Consumers are on board and the technology is already there. Now we just need the will and the know-how to maximise the opportunities to recycle polystyrene.
The British Plastics Federation (BPF) is working with Household Waste Recycling Centres (HWRC’s) in England, enabling householders to contribute to the recycling of expanded polystyrene (EPS).
With the emphasis on climate change and the health of our planet at the forefront of many people’s minds at present, we are on a journey which requires us to look at all opportunities to recycle wherever possible.
EPS Packaging – Uses and waste management
As we know, polystyrene packaging is highly effective in protecting electrical items such as televisions, microwaves and fridges due to its impact strength, lightweight composition, and resistance to water ingress. The resource efficient method of production saves energy, material and transportation, with a small carbon footprint. Maybe what is less widely known is that EPS is comprised of 98% air and is 100% recyclable. In the UK, currently 54% of the material is recycled with measures in place to trace the material. Only 2% of a typical box is material, helping to reduce wastage by reducing the amount of goods being broken or damaged. Indeed, other uses include bicycle helmets, live organ transport and pharmaceutical packaging to name a few. It can also be used to fuel transportation when processed in a particular way.
EPS Packaging – Recycling
To date, pilot schemes conducted have yielded successful results enabling the collection of good quality, clean material to be recycled. The response from the public has also been very positive with householders keen to engage with the opportunity to contribute to the circular economy and recycle more. One of the key areas to make this successful is the availability of infrastructure. Research has shown that an effective business model, enabling the collection and processing of the material, provides both environmental and financial benefits by reducing the cost of transportation, compacting on-site to produce material ready for recycling into new products.
Councillor Clyde Noakes (NLWA) cuts ribbon of new compactor, with EPS Group Chair David Emes (BPF) and Greenbank Director Robin Evershed
North London Waste Authority
At the invitation of the Chair of the North London Waste Authority (NLWA) Cllr Clyde Noakes, Chair of the BPF EPS Group David Emes entered into discussions regarding their challenges around the environmental and financial costs of recycling EPS material at their HWRC’s. Mr Emes noted that “from our initial discussions we were able to offer advice based on our experience. Equally important was being able to introduce NLWA to Greenbank Waste Solutions, the compactor supplier.” The NLWA currently have 2 million residents producing 675,000 tons of household waste from six boroughs. The meeting also provided an opportunity to share a previous successful pilot project in Leeds.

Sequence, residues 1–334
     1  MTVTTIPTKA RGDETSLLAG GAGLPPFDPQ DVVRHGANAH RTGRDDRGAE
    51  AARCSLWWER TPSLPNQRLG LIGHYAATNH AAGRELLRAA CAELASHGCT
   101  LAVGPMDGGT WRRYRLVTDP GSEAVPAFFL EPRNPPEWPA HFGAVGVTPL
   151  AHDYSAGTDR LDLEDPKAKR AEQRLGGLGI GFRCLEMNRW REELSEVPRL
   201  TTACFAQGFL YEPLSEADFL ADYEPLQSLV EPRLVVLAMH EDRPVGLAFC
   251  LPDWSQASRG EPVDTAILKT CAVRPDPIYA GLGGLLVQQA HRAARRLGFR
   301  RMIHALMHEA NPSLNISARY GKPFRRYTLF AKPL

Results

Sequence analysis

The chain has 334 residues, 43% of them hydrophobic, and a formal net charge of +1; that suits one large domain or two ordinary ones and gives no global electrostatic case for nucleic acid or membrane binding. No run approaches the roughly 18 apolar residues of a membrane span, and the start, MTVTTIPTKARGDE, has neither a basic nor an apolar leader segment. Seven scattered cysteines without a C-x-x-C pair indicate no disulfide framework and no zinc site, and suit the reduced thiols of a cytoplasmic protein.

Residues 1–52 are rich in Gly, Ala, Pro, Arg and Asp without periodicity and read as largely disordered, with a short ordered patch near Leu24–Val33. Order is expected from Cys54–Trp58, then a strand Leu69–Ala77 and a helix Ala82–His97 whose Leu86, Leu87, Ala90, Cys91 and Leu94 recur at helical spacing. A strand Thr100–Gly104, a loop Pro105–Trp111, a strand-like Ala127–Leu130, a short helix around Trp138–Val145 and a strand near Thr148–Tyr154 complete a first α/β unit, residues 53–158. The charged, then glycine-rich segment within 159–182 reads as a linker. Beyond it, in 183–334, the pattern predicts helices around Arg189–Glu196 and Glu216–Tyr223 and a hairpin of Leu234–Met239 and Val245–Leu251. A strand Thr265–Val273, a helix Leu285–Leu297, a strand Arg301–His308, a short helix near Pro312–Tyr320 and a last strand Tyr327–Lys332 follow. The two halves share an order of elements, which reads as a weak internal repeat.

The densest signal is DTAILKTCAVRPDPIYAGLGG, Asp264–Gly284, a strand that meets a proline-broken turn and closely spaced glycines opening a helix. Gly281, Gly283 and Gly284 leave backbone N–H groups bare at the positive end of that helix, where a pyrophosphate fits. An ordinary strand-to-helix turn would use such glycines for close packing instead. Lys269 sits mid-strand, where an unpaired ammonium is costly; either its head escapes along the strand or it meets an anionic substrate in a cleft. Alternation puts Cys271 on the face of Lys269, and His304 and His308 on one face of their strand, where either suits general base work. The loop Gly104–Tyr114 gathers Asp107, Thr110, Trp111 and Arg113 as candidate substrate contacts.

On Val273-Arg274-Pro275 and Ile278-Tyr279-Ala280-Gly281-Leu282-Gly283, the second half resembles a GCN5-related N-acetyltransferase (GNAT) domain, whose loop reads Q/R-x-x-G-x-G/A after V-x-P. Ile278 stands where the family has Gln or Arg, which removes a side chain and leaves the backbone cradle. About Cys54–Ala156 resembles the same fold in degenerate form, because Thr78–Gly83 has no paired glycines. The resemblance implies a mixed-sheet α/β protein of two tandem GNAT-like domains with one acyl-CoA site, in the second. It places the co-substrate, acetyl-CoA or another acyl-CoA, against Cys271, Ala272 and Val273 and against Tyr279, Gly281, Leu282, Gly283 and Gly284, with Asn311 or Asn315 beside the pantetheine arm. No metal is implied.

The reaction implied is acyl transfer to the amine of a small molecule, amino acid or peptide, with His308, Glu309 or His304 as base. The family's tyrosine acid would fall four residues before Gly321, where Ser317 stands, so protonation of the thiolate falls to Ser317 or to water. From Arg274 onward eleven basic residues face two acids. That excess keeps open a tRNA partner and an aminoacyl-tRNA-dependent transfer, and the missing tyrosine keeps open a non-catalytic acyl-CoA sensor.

The Leeds project commenced in 2018 as a result of an invitation to participate in a trial from the Local Authority Recycling Advisory Committee (LARAC). This led to a trial at two sites in Leeds with the council creating a business model which would enable HWRCs to provide a recycling facility for the general public, contributing to raising the amount of EPS recycled.
As a result of discussions, a unit has been designed by Greenbank Waste Solutions to provide an on-site facility to compact EPS ready for recycling into a number of applications but primarily into extruded polystyrene (XPS) insulation panels which in turn reduce the carbon footprint of both domestic and commercial buildings. On 8 November 2021 Cllr Noakes, Mr Emes and Mr Evershed (Greenbank) cut the ribbon and launched the compactor at the NWLA site in London.
Trials are commencing during November 2021 and the results will be monitored along with discussions with a number of other Local Authorities in England, to continue the journey taking us towards more uptake for the future of the EPS Circular Economy.
For more information on the EPS recycling project, please contact Nicki Hunt-Davison at [email protected] or Matt Davies at [email protected]
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